The Sonoma County wine industry plays an increasingly important -#8212; and surprisingly large -#8212; role in driving the local economy, according to an industry-funded report issued Thursday.
The study, conducted by Stonebridge Research Group, estimates that wineries and grape growers contributed $13.4 billion to the local economy in 2012, including direct and indirect impacts.
The numbers in Thursday's report suggest the wine industry's economic impact dwarfs other sectors. The entire Sonoma County economy was pegged at $20 billion in 2012, according to a report issued last fall by Moody's Analytics, which supplies regional data to the county Economic Development Board.
The wine industry and wine-inspired tourism would account for two-thirds of that number, according to the report compiled for the Sonoma County Vintners and Sonoma County Winegrowers. The results were announced Thursday at the Sonoma County Vintners' annual meeting.
"I didn't know what to expect, because I hadn't gone through the numbers," said Honore Comfort, executive director of Sonoma County Vintners. "I was fully expecting growth, but I wasn't certain, so we're thrilled."
The results released Thursday were preliminary, and a fuller picture will emerge over the next few weeks, she said.
Karissa Kruse, president of Sonoma County Winegrowers, said she's looking forward to digging into the full report to dissect what's driving the growth.
"It's really important to demonstrate back to the community the value of the wine industry, especially the jobs," Kruse said.
The report suggests the economic impact of the wine industry has grown dramatically since 2005, when a similar study estimated the industry generated $7.6 billion in direct and indirect economic activity.
"That does not surprise me," Comfort said. "There are so many more wine tasting rooms than there were in 2005. Barrel Tasting Weekend used to be a small weekend event, and now it's 60,000 people over two weekends."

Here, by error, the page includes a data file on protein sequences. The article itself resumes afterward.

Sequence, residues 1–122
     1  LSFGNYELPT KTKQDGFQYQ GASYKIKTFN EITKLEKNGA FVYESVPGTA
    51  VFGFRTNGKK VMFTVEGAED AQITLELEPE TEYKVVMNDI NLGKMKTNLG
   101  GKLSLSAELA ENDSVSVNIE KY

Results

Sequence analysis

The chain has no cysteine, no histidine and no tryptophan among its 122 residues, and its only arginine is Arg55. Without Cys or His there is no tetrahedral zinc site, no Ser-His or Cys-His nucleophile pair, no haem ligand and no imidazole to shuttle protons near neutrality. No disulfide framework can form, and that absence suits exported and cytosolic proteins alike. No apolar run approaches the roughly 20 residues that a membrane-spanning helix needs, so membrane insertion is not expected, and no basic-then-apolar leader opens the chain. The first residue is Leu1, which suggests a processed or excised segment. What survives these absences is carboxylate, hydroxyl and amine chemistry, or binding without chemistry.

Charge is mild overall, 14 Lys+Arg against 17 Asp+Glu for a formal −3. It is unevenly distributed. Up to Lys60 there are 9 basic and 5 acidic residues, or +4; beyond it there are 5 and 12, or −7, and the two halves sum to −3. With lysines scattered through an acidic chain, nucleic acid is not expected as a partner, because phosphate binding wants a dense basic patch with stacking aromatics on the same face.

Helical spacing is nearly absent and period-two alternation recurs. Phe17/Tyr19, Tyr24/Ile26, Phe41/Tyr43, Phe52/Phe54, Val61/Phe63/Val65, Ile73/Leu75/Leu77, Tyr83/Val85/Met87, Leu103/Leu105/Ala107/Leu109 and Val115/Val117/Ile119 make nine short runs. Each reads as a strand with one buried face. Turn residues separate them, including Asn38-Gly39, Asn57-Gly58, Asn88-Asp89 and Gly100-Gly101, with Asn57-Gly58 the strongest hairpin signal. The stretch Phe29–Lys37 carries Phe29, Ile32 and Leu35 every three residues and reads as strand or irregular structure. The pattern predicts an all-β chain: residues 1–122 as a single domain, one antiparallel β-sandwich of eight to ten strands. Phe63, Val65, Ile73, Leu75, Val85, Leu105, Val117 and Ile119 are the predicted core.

In 2005, there were nearly 200 wineries in Sonoma County. Today, there are an estimated 550 wineries.
Some of the increase in the estimated economic impact was due to changes in the way the study was conducted, said Barbara Insel, president and CEO of Stonebridge Research Group in St. Helena. One change was the expanded definition of what types of businesses are part of the wine industry.
"It's not just growing grapes," Insel said. "We spent a lot of time tracking down the people making caps and barrels. We tried to pick up the suppliers last time, but it's like peeling an onion. You keep finding more and more people in the industry."
The numbers also were higher in part because the researchers gleaned more information about the number of grapes brought into Sonoma County to make wine. In 2005, winery executives weren't eager to discuss how many grapes they brought in from other counties. But this time they were more willing, she said. Crushing those grapes here means more jobs and impacts.
"There are as many grapes brought in to make wine as there are grown in Sonoma," Insel said.
In addition, a number of wine industry suppliers relocated from Napa to Sonoma because the county is more affordable, Insel said.
About $8 billion of the total economic impact came directly from wine-related businesses, while about $5 billion was based on secondary impacts like a winery employee buying lunch at a nearby deli, Insel said.